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Judge Deals Setback To Florida’s ‘Stand Your Ground’ Law

A Miami judge found Florida’s recently updated “stand your ground” law to be unconstitutional on Monday, rolling back a defendant-friendly change to an already defendant-friendly law.

The new version of the statute, which Gov. Rick Scott (R) signed just last month, makes it easier for defendants to claim self-defense in shootings and potentially have the case against them thrown out. Under the revised law, prosecutors have the burden to prove that defendants who claim they shot in self-defense are wrong, rather than defendants having to prove they’re right.

If a defendant acted in self-defense, the judge can dismiss related criminal charges. The National Rifle Association played a major hand in pushing through the new legislation.

But Miami-Dade Circuit Judge Milton Hirsch held that under the state’s constitution, this change to the law could be made only by the Florida Supreme Court and not by the legislature. The Miami Herald noted that Hirsch’s ruling is not binding on other trial courts.

Opponents of the law have long argued that it encourages gun owners to shoot first and enables defendants to get away with murder. Since the original law passed in 2005, gun-related homicides have risen 31.6 percent in Florida, a JAMA Internal Medicine study found last year.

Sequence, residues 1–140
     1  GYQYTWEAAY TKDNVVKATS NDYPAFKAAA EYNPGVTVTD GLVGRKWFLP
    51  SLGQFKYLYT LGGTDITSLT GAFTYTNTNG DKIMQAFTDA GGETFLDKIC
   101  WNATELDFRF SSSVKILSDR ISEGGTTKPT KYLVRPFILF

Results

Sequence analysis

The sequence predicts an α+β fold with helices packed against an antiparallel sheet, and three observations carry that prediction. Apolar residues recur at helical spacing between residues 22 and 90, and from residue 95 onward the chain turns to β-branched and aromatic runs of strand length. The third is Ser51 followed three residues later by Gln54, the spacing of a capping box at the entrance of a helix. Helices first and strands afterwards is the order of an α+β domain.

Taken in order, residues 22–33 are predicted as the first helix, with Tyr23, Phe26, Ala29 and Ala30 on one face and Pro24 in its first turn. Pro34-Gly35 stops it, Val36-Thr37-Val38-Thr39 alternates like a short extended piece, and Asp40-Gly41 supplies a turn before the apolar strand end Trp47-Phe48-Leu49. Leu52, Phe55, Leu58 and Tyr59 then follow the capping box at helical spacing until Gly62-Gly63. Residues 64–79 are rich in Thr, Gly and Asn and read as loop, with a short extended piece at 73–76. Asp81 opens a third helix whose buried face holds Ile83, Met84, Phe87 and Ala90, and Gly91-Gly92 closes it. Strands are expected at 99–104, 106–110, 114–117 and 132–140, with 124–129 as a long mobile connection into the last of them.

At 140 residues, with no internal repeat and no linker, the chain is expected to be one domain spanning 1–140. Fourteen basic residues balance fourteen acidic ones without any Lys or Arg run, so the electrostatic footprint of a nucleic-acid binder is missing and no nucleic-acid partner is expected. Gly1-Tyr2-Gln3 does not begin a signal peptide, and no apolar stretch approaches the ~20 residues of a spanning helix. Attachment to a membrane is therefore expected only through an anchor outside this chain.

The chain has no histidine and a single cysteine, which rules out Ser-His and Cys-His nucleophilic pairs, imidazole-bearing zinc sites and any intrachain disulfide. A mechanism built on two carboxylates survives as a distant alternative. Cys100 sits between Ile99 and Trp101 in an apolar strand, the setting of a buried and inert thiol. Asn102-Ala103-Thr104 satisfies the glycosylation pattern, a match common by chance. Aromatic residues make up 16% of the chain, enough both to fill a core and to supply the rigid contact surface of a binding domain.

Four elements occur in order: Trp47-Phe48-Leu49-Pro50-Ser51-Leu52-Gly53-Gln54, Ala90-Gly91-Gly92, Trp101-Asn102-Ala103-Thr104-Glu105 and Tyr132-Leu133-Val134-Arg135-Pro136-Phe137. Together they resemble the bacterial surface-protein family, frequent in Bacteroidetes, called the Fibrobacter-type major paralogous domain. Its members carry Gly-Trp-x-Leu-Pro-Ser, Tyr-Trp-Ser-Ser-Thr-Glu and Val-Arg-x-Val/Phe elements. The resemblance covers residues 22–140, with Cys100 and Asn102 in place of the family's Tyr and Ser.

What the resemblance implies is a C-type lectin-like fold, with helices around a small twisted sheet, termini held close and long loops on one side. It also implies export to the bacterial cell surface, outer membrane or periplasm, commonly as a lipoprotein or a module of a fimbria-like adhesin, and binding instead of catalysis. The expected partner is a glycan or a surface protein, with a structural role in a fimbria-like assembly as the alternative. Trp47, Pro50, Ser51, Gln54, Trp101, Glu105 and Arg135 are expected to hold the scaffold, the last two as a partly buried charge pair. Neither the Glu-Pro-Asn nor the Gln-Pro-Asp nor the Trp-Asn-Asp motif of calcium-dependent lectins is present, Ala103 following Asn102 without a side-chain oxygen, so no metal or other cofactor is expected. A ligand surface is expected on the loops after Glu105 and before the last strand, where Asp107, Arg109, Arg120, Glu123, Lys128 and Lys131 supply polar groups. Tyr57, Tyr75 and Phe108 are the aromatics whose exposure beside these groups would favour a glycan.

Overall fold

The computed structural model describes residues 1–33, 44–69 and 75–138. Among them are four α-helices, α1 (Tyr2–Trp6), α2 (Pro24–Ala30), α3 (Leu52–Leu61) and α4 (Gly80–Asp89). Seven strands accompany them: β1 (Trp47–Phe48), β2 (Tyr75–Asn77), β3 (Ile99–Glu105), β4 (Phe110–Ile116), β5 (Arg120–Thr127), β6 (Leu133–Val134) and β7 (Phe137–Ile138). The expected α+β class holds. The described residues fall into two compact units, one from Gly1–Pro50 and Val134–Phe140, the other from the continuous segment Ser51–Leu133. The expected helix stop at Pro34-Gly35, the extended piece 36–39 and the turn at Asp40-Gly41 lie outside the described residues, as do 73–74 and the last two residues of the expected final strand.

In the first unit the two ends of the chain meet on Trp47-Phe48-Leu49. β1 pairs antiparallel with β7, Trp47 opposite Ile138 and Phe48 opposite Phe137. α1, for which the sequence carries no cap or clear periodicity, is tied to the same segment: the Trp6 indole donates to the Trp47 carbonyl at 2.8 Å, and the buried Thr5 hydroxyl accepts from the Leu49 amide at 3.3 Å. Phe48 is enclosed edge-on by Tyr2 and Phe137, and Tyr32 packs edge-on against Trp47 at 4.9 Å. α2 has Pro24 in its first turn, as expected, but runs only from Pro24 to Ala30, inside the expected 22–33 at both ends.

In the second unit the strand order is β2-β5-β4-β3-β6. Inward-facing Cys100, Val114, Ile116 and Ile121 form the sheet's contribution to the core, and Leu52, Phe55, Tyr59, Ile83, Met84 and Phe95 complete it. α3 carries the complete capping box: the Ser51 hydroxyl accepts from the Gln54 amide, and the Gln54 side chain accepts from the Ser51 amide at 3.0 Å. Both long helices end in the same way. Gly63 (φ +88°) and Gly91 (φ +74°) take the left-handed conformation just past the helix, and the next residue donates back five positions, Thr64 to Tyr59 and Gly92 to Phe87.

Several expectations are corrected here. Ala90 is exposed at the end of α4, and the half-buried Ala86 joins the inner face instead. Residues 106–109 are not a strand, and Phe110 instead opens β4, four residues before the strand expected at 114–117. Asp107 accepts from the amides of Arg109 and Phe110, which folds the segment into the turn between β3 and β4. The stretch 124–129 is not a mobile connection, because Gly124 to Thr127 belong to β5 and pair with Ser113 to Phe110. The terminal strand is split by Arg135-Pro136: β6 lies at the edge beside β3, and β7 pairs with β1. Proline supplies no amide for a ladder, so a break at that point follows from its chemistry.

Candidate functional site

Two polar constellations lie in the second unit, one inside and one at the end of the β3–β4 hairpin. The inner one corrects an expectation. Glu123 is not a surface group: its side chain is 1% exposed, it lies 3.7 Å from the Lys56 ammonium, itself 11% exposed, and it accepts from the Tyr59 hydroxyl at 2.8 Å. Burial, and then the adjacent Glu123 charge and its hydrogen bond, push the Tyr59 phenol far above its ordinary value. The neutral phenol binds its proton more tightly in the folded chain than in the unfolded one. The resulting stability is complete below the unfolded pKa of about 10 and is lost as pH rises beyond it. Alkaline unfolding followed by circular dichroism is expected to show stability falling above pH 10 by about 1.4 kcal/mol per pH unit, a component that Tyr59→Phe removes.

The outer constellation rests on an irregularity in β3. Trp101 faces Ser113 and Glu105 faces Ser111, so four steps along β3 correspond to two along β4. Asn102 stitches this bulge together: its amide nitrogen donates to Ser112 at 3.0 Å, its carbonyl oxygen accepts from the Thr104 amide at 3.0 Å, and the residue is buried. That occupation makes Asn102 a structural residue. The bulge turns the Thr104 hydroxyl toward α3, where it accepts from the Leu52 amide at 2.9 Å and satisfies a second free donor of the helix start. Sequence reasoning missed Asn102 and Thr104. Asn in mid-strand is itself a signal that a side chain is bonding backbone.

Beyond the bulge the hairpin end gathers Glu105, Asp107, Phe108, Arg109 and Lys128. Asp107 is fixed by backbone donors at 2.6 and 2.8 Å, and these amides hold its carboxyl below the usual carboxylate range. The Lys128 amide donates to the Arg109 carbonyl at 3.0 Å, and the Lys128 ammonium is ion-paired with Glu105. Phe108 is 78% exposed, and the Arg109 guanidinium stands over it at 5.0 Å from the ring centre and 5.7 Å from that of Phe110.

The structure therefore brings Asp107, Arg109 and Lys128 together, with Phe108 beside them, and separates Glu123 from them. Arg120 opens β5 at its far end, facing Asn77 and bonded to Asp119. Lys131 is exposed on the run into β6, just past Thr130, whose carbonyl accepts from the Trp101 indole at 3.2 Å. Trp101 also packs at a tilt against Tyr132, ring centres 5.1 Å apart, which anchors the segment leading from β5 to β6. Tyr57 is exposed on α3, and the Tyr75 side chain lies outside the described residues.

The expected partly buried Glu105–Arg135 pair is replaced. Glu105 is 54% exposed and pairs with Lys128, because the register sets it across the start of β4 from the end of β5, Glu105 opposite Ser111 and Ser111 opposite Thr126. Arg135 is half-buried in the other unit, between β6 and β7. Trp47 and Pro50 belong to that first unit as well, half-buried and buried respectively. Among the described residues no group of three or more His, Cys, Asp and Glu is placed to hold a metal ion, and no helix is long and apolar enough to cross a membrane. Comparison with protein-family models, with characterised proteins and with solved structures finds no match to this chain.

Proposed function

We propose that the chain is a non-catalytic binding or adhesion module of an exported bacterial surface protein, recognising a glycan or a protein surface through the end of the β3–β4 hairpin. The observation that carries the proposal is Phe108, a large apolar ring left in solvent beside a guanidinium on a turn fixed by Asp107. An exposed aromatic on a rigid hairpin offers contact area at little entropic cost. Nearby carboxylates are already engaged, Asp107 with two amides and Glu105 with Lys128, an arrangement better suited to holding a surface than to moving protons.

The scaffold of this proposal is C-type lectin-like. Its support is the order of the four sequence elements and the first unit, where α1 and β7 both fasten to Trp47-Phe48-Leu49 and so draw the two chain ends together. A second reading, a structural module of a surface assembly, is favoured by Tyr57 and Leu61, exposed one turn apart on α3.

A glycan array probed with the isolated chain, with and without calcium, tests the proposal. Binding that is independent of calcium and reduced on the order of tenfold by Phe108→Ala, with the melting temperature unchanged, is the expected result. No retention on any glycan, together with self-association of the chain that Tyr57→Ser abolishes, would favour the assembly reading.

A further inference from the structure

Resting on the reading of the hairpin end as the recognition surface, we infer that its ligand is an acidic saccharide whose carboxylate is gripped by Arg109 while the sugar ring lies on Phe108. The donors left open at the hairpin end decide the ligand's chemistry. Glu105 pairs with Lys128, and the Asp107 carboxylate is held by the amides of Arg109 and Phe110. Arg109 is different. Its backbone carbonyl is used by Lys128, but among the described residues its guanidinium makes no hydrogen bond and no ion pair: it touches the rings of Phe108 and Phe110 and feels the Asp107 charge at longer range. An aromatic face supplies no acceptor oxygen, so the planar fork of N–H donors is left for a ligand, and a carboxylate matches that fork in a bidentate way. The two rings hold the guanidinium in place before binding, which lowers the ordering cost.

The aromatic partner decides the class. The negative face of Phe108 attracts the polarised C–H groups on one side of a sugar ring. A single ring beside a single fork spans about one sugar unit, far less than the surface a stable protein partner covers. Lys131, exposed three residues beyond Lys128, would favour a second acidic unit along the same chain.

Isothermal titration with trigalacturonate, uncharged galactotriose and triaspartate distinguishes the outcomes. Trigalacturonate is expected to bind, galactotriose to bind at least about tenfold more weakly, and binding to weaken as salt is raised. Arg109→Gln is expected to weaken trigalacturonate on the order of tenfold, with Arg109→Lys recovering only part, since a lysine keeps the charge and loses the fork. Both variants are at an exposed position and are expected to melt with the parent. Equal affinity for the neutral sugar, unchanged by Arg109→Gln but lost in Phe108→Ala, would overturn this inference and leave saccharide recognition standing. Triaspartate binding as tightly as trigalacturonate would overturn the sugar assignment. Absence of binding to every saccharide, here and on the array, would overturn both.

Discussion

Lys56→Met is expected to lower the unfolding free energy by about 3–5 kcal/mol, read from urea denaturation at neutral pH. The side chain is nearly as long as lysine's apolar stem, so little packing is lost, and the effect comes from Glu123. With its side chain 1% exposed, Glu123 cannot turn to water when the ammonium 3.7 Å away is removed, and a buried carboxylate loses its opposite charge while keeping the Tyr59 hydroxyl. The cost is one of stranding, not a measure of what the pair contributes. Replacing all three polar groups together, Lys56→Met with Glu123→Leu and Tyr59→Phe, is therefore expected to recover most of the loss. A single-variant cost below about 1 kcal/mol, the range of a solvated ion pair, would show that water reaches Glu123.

Hirsch’s ruling came in two separate cases, one against Omar Rodriguez, who is claiming self-defense after shooting and killing a man who was walking his dog. Rodriguez’s lawyer, Alan Ross, expressed frustration with Monday’s ruling.

“I’m disappointed,” Ross said. “I could have litigated this motion months ago, and we intentionally waited for the new law.”

The stand-your-ground law is most famously associated with the acquittal of George Zimmerman in the 2012 killing of Trayvon Martin, an unarmed black teenager. Although the defense did not explicitly raise the law, a juror later said it was on the jury’s mind.

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